Because PSA levels tend to increase with age, the use of age-specific PSA reference ranges has been suggested as a way of increasing the accuracy of PSA tests. However, age-specific reference ranges have not been generally favored because their use may lead to missing or delaying the detection of prostate cancer in as many as 20 percent of men in their 60s and 60 percent of men in their 70s. Another complicating factor is that studies to establish the normal range of PSA values have been conducted primarily in white men. Although expert opinions vary, there is no clear consensus on the optimal PSA threshold for recommending a prostate biopsy for men of any racial or ethnic group.

5. What if the screening test results show an elevated PSA level?

A man should discuss an elevated PSA test result with his doctor. There can be different reasons for an elevated PSA level, including prostate cancer, benign prostate enlargement, inflammation, infection, age, and race.

If no symptoms to suggest cancer are present, the doctor may recommend repeating DRE and PSA tests regularly to watch for any changes. If a man’s PSA level has been increasing or if a suspicious lump is detected during a DRE, the doctor may recommend other tests to determine if there is cancer or another problem in the prostate. A urine test may be used to detect a urinary tract infection or blood in the urine. The doctor may recommend imaging tests, such as a transrectal ultrasound (a test in which high-frequency sound waves are used to obtain images of the rectum and nearby structures, including the prostate), x-rays, or cystoscopy (a procedure in which a doctor looks into the urethra and the bladder through a thin, lighted tube that is inserted through the end of the penis; this can help determine whether urinary blockage is caused by an enlarged prostate). Medicine or surgery may be recommended if the problem is BPH or an infection.

If cancer is suspected, a biopsy is needed to determine whether cancer is present in the prostate. During a biopsy, samples of prostate tissue are removed, usually with a needle, and viewed under a microscope. The doctor may use ultrasound to view the prostate during the biopsy, but ultrasound cannot be used alone to tell if cancer is present.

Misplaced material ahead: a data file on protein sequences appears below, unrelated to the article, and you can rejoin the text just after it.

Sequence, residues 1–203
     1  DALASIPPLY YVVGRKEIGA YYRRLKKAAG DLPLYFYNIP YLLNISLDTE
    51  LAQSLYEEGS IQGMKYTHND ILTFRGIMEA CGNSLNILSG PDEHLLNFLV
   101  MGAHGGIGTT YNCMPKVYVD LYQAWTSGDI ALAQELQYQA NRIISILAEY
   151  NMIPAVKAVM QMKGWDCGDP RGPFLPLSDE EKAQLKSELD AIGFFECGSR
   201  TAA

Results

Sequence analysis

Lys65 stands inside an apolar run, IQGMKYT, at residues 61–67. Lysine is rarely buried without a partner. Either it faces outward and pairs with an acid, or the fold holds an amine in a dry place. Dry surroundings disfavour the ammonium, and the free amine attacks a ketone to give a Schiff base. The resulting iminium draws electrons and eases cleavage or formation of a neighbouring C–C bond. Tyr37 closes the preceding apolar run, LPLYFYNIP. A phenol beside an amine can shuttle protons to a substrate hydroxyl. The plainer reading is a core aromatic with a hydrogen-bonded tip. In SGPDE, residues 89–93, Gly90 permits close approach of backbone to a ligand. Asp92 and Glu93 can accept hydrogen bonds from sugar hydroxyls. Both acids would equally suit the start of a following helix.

6. What if the test results show a rising PSA level after treatment for prostate cancer?

A man should discuss rising PSA test results with his doctor. Doctors consider a number of factors before recommending further treatment. Additional treatment based on a single PSA test result is often not recommended. Rather, a rising trend in PSA test results over a period of time combined with other findings, such as an abnormal DRE, positive prostate biopsy results, or abnormal CT (computed tomography) scan results, may lead to a recommendation for further treatment.

According to the National Comprehensive Cancer Network (NCCN) Clinical Practice Guidelines in Oncology for Prostate Cancer (4), additional treatment may be indicated based on the following PSA test results:

  • For men who have been in the watchful waiting phase—their PSA level has doubled in fewer than 3 years or they have a PSA velocity (change in PSA level over time) of greater than 0.75 ng/mL per year, or they have a prostate biopsy showing evidence of worsening cancer (4).
  • For men who have had a radical prostatectomy (removal of the prostate gland)—their PSA level does not fall below the limits of detection after surgery or they have a detectable PSA level (> 0.3 ng/mL) that increases on two or more subsequent measurements after having no detectable PSA (4).
  • For men who have had other initial therapy, such as radiation therapy with or without hormonal therapy—their PSA level has risen by 2 ng/mL or more after having no detectable PSA or a very low PSA level (4).

Please note that these are general guidelines. Prostate cancer is a complex disease and many variables need to be considered by each patient and his doctor.

7. What are some of the limitations of the PSA test?